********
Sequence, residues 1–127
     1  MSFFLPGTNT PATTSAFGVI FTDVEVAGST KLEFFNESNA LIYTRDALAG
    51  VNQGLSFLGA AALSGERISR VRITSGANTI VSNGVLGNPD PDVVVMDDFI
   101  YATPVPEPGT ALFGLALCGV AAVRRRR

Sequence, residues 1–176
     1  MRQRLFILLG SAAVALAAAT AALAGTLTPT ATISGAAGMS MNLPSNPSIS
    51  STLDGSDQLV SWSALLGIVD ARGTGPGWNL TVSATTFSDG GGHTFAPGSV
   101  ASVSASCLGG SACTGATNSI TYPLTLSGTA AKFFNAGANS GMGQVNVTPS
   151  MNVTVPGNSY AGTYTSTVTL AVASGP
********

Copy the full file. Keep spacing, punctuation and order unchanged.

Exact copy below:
Sequence, residues 1–127
     1  MSFFLPGTNT PATTSAFGVI FTDVEVAGST KLEFFNESNA LIYTRDALAG
    51  VNQGLSFLGA AALSGERISR VRITSGANTI VSNGVLGNPD PDVVVMDDFI
   101  YATPVPEPGT ALFGLALCGV AAVRRRR

Sequence, residues 1–176
     1  MRQRLFILLG SAAVALAAAT AALAGTLTPT ATISGAAGMS MNLPSNPSIS
    51  STLDGSDQLV SWSALLGIVD ARGTGPGWNL TVSATTFSDG GGHTFAPGSV
   101  ASVSASCLGG SACTGATNSI TYPLTLSGTA AKFFNAGANS GMGQVNVTPS
   151  MNVTVPGNSY AGTYTSTVTL AVASGP